independent

Wednesday 16 April 2014

Are people waiting for an economic recovery before they file for divorce?

Irish Independent columnist Mary Kenny.Picture: Eamonn Keogh
Irish Independent columnist Mary Kenny.Picture: Eamonn Keogh

It was reported recently in Helen Cahill's 'Measuring Ireland's Progress' that Ireland has the second-lowest divorce rate in the European Union (Latvia and Lithuania have the most divorces, Malta the least). Some musings on the causes of our low statistics in the divorce stakes ...

1 Divorce became available from 1995. Perhaps we aren't yet into the swing of the dissolution of marriage (sometimes known as trading in an old model).

2 There is probably a hangover from church disapproval of divorce, although the Anglican Church has been historically more hostile than the RC. In 1923, Archbishop Gregg, Protestant Archbishop of Dublin, gave his full approval to the Free State's prohibition on divorce, and so did the majority of readers of the 'Church of Ireland Gazette'.

3 There is also probably a bit of the canny Irish peasant in our collective consciousness, and the peasant never divides up land or property for the mere whim of seeking happiness ('The Field').

4 The economic downturn probably brought out the shrewd calculation that with the recession, divorce was an unaffordable luxury.

5 Especially considering the alarming reports of huge sums of alimony that can now be allocated even to a cheating spouse.

6 Divorce is usually instigated by women: men will put up with a bad marriage so long as there is food on the table and the odd serving of conjugality. Maybe Irish women are too instilled with guilt by their mammies to divorce.

7 Maybe some sensible Irish women agree that "A good man is hard to find" and a half-decent man may be more acceptable than none at all.

8 As in, "Better the devil you know ... "

9 Maybe some people adhere to the old Irish adage (heard by my sister on a New Jersey bus): "Ah, sure, 'tis better be fightin' than lonely."

10 Since the Irish have more children – hooray! – there may be a prevailing view that if parents can bear to stick together, maybe they should.

11 Some people may have grown accustomed to the "divorce Irish-style" pre-1995 compromise, whereby couples split their home, lead separate lives and be civilised with one another. I have known several couples who resolved a turbulent relationship in this way and ended up good mates.

12 Perhaps some embrace the old Sicilian approach to the difficulties of married life: "Divorce? Never! Murder? Maybe!"

13 There is a long history of taking a prudent attitude to wedlock – so prudent that in the 1950s, one quarter of the Irish couldn't be persuaded to marry. Perhaps this careful approach has spilled over into a similarly careful view of dissolving the contract.

14 After all, if a wedding costs upwards of €20,000, why throw all that money away if it's not going to last?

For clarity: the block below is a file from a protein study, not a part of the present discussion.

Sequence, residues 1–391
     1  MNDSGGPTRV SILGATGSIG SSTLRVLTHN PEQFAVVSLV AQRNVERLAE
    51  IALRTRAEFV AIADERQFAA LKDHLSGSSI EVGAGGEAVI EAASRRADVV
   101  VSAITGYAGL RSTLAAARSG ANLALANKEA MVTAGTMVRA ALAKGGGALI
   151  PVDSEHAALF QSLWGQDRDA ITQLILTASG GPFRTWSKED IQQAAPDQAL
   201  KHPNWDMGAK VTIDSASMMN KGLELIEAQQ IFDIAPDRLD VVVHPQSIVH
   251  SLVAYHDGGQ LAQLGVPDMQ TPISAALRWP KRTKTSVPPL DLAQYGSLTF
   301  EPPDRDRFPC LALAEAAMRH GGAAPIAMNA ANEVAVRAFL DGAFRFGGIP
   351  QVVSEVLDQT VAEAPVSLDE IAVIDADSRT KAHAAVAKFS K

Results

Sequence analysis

15 As marriage is now middle-class – it is a rarity in working-class life – there may be a bourgeois attempt to maintain appearances.

16 I rish people may be strongly influenced to maintain the status quo by siblings and wider kin. The more siblings, aunts, uncles and cousins one has, the less likely one is to go through the divorce courts (with the exception of certain multi-married aristocrats for whom high fertility plus several brace of spouses are status symbols: eg, Lady Mary Gaye Curzon, Prince Harry's putative mother-in-law, who has four divorces and five stunning children by three husbands).

17 Divorce is often associated with mobility. High-mobility societies like the US have always had more divorce because people move around a lot. Maybe the adherence to county loyalty shows we don't move around within the country – only outside of it.

18 Maybe some individuals are born optimists. Even if their marriage is rocky, they're always thinking: "Tomorrow is another day."

19 Maybe some have been taught by the nuns that "You can walk the way of Calvary by being married just as much as by being a consecrated virgin". So they're taking up their cross and carrying it, earning time off Purgatory with every blistering marital row.

20 "Ah, sure, it'll do" might be a national reaction to a mediocre relationship.

21 Maybe some have been taught by their grannies that, "As you make your bed, so shall you lie on it". Studies have linked sticking in a marriage with the kind of stubborn person who doesn't like quitting – anything.

22 Maybe there is less space in Irish society for divorced individuals, and divorcees feel more stigmatised than in other countries.

23 Maybe some people cope with an unsatisfactory marriage by having the odd fling, and they'd prefer to keep it that way than have to move the kids' schools or live in a bedsit.

24 Maybe some are only waiting for the economy to recover before they call the lawyer.

25 And yet humans go in for pair-bonding more consistently than any other mammal (swans don't count). It's possible that more couples are actually contentedly married in Ireland than in other EU countries. They have ups and downs, but are happy as they are.

Irish Independent

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